April 6 – Portland City Council voted yesterday to end investing in all corporate securities, after broad community pressure to end investments in corporations complicit in prison expansion, the occupation of Palestine, the building of Trump’s “wall,” construction of the Dakota Access Pipeline, and climate change.

This vote supersedes Portland’s Socially Responsible Investments Committee (SRIC) process, which engaged a citizen committee to make recommendations on corporate investments based on human rights and other criteria.

The vote came at the end of an over 3-hour hearing attended by over 100 Portlanders, who unanimously spoke out against investing in corporations proven to violate human rights standards.

“In this age of Trump, we see our movements coming together internationally to push back against a corporate agenda that seeks profit over investment in people and the planet,” said Amanda Aguilar Shank, Interim Director of Enlace, convener of the National Prison Divestment Campaign. “In Portland and nationally, our communities are demanding that our cities become Freedom Cities, sites of resistance and also sites of visionary advances, like what we have seen in Portland today.” Continue reading

Breaking: Portland #FreedomCities Victory, Divestment from Mass Incarceration!

PDX FreedomCities

#EndBrokenWindows & Demand #FreedomCities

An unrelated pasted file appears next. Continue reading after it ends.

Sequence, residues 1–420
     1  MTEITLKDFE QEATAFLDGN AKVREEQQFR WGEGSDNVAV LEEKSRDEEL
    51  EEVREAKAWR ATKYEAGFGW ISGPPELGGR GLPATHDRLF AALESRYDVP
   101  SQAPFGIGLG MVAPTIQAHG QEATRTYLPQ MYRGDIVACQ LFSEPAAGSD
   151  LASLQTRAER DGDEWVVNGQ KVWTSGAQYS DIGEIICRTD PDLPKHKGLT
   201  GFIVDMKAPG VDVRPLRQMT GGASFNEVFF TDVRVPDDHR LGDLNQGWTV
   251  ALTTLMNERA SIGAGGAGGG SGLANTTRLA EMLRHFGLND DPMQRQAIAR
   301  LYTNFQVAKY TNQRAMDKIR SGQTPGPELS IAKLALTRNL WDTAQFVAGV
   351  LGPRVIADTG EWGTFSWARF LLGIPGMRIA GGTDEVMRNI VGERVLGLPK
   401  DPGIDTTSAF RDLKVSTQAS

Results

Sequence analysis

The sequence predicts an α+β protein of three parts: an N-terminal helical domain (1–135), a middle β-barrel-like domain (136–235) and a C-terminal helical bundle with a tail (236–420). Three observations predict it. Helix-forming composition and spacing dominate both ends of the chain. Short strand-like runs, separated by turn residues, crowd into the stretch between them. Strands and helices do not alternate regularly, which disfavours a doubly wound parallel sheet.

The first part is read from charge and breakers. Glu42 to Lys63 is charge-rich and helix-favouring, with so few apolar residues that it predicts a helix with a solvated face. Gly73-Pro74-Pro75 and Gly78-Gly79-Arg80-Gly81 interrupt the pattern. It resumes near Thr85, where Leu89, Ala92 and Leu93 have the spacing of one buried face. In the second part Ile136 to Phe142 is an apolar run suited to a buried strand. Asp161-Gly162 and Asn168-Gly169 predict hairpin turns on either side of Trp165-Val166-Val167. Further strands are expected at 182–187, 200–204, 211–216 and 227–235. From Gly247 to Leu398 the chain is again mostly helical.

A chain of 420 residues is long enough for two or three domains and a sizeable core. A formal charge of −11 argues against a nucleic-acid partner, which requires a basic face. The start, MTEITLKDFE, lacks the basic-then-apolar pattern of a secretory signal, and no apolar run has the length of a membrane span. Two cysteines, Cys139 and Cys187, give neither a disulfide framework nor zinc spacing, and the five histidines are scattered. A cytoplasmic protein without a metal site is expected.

ebw march

Join the Coalition to End Broken Windows, the New York Worker Center Federation, Enlace, 5 Boro Defenders and the Police Reform Organizing Project (PROP) on the steps of City Hall before the City Council’s Public Safety Committee budget hearing to rally against more funding for the NYPD and to demand NYC #EndBrokenWindows.
Join us March 30th at 9am in front of City Hall, RSVP on Facebook

As part of our continued demand for #SafetyBeyondPolicing and our support for the #FreedomCities movement, our communities don’t want our money going to the continued enhancement of police power. We want community centers opened, our schools properly funded, free or reduced fares for poor New Yorkers and so many more of our most pressing needs met.

Divest from policing and invest in our communities! We want a Freedom City!

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NYU Prison Divest demands NYU drop Aramark

nyuVia Washington Square News | By Htoo Min

A petition circulating the NYU community is asking the university to divest from Aramark Corporation — a food provider that has serviced 16 locations across NYU’s New York City campuses for over 20 years — due to concerns about the company’s practices.

The petition, which was created by NYU Prison Divest, has been supported and signed by several hundred students and alumni, according to the group. In a statement to WSN, NYU Prison Divest said that the university should use more ethical and responsible food sources, and has made recommendations to the university accordingly.

The petition states that its goal is to end the relationship between Aramark and NYU, citing allegations published in a PBS article as reasons why the university should disassociate itself from Aramark. Prisoners in sites serviced by Aramark have reported finding maggots and rocks in their food. The company has also been accused of sexual harassment and misconduct by Aramark employees toward inmates and an employee smuggling drugs into prisons.